Yoti partners with Talent Clouds on DBS checks with digital ID, receives UK certification
Yoti and the Post Office have entered a new partnership with Talent Clouds, a digital workforce management and employee vetting platform.
As a result of the collaboration, Talent Clouds will support digital disclosure and barring service (DBS) and right-to-work checks through Yoti’s selfie biometrics, and according to the new UK Digital Identity and Attributes Trust Framework (DIATF).
“We’re delighted that Talent Clouds is the latest company to harness the power of digital identity for DBS checks,” says Elinor Hull, identity services director at Post Office. “With less paperwork, stronger security and a better onboarding and recruitment experience, the benefits of these digital policies are clear.”
The UK introduced the legislation in April, which is officially active from October 1st (more about this below). It aims to facilitate the deployment of secure and trustworthy solutions around digital identity in the UK.
“We’re excited to partner with Post Office and Yoti to launch this new technology to transform how our customers verify their workers’ ID,” comments Talent Clouds CEO James Whittingham. “This technology supports our vision for streamlining pre-employment checks to save our customers both money and time.”
The partnership comes days after Yoti announced it had been approved to list its solutions under the Crown Commercial Service G-Cloud 13 framework.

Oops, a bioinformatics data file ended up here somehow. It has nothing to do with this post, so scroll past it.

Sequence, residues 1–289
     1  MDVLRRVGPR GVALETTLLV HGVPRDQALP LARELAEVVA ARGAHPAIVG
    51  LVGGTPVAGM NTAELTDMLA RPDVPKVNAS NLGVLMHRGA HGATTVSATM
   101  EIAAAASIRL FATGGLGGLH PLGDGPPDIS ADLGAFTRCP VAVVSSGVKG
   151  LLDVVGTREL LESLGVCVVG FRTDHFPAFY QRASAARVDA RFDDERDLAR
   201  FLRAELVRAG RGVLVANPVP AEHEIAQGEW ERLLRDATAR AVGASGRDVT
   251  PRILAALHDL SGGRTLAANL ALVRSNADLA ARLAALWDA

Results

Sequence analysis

“Our extensive range of solutions in partnership with Post Office Ltd span Identity verification, age verification, authentication, e-signing and from November 9th will include Right to Work and DBS employment screening,” the company writes in a LinkedIn post.
Yoti’s digital identity services are now verified according to the UK Government standards GPG 44 and 45, which define stringent levels of security and privacy to verify people’s identities.
Digital ID checks for right to work encouraged from October 1st
DBS and right-to-work checks under DIATF have been officially available since October 1st, replacing the old practice of employees sending documents to an employer via email to verify they can legally work in the country.
The UK administration recommends that companies now use government-certified identity service providers (IDSPs) to oversee digital right-to-work checks.
According to the new legislation, businesses in Britain and Northern Ireland must also keep hiring documents records for up to two years after an employee’s exit date.
Further, firms will face penalties (including a £20,000 fine or being banned from sponsoring visas for future foreign nationals) should they not stay compliant with the new process.
The new practice aims to increase data security alongside more effective protection against fraud, reduced HR resource dedication to ensure GDPR compliance and more efficient onboarding.
“The list of potential consequences for getting digital right to work checks wrong is worrying for many UK businesses,” Russell King, CEO of government-certified IDSP Xydus, tells HR magazine. “Business leaders who feel ill-informed about these changes need to act now and engage with a compliant, certified IDSP.”
The latest firms to achieve such certifications include Amiqus in August and Marston Holdings last month.
biometrics | certification | digital ID | Digital Identity and Attributes Trust Framework (DIATF) | fraud prevention | identity verification | IDSP | legislation | onboarding | selfie biometrics | UK | Yoti